Congress really wants the FBI to be able to spy on anyone

In its everlasting bid to betray the people who elected them, Congress is engaged in a bitter fight over whether or not the federal government can spy on people without a warrant.

The object of this latest congressional feud is Section 702 of the Foreign Intelligence Surveillance Act, or FISA, which, on paper, allows federal law enforcement, especially the FBI, to conduct surveillance through massive data collections on foreigners who may pose a threat to the United States.

The current fight over FISA is whether or not these data collections, which are conducted purely for national security purposes and not for law enforcement purposes, should be significantly reformed, including by implementing a warrant requirement. The rationale for reform is that FISA has been systematically abused to query the names of innocent U.S. citizens against the database — citizens, that is to say, who are not supposed to be surveilled under the law.

On Wednesday, a group of Republican lawmakers voted down a procedural motion that would have begun consideration on an extension for FISA that does not include the reforms that are needed. For their part, the lawmakers who support the no-strings-attached FISA extension are claiming that to let it expire or to implement a warrant requirement would severely jeopardize national security.

Now lawmakers from both parties are looking for alternative pathways to reauthorize this sweeping program and are questionably claiming that FISA abuses have been almost entirely eliminated after the last reauthorization in 2018. Tellingly, the bill under consideration expressly exempts members of Congress from this data collection.

The problem is that FISA abuses are still occurring. A FISA court ruling from April 2022 recorded that there were more than 278,000 “non-compliant FBI queries of raw FISA-acquired information” in the years preceding that date. While the FBI says it has dramatically reduced noncompliant queries since then, why would we take their word for it?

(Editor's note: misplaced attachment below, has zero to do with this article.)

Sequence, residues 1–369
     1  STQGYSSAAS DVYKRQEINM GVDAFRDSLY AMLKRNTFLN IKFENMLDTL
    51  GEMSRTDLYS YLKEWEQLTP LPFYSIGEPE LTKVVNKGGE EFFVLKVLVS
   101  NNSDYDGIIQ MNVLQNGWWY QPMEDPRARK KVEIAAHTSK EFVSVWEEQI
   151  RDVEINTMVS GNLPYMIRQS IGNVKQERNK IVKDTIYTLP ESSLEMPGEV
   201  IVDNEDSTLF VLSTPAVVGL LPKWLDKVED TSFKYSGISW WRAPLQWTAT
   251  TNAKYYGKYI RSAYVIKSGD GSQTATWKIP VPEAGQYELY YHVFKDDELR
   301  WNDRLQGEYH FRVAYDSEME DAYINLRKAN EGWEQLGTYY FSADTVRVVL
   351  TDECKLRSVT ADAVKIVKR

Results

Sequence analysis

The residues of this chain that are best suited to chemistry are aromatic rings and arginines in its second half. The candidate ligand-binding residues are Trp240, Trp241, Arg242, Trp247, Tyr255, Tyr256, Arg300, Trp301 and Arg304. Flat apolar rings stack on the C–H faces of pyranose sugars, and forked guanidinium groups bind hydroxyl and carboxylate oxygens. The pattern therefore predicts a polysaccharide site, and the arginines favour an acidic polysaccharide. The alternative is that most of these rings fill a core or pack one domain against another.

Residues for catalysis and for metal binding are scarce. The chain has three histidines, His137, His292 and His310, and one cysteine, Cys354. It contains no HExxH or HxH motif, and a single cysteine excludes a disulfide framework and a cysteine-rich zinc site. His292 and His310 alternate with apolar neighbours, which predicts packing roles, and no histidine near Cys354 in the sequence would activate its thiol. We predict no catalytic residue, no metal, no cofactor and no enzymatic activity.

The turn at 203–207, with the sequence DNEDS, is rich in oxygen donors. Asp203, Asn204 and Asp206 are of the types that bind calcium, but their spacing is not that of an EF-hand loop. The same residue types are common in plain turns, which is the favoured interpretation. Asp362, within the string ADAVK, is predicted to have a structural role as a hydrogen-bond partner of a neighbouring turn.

Why, when previous warrantless data searches have been used against people donating to a congressional campaign and people involved in the Jan. 6, 2021, protest and riot at the Capitol? According to the American Civil Liberties Union, FISA queries were also made into “the communications of protesters from across the ideological spectrum.” In other words, the FBI is still using FISA to spy on U.S. citizens. There is an argument that these unwarranted queries are unconstitutional.

Again, this is not a tool that is supposed to be used against U.S. citizens. By law, it is only to be used against foreigners on foreign soil. Yet despite their rampant abuse of this tool, the FBI claims that to end it or now require a warrant for U.S. person searches would have a catastrophic impact on national security.

While the group of Republicans who sank the procedural vote on Wednesday may have delayed the FISA reauthorization by a few days, there are still an awful lot of lawmakers who have bought into the intelligence community’s spurious claims. They have no qualms about reauthorizing the program without considering the constitutional rights of the people who elected them.


Instead of defending the rights of their constituents, lawmakers are exempting themselves from a law that they know will be abused by the FBI. They are accepting the FBI’s claims even as the bureau has made no credible attempt to repair the damage its prior FISA abuses have done to its credibility.

This is yet another example of Congress serving the interests of a swamp over service to the people.

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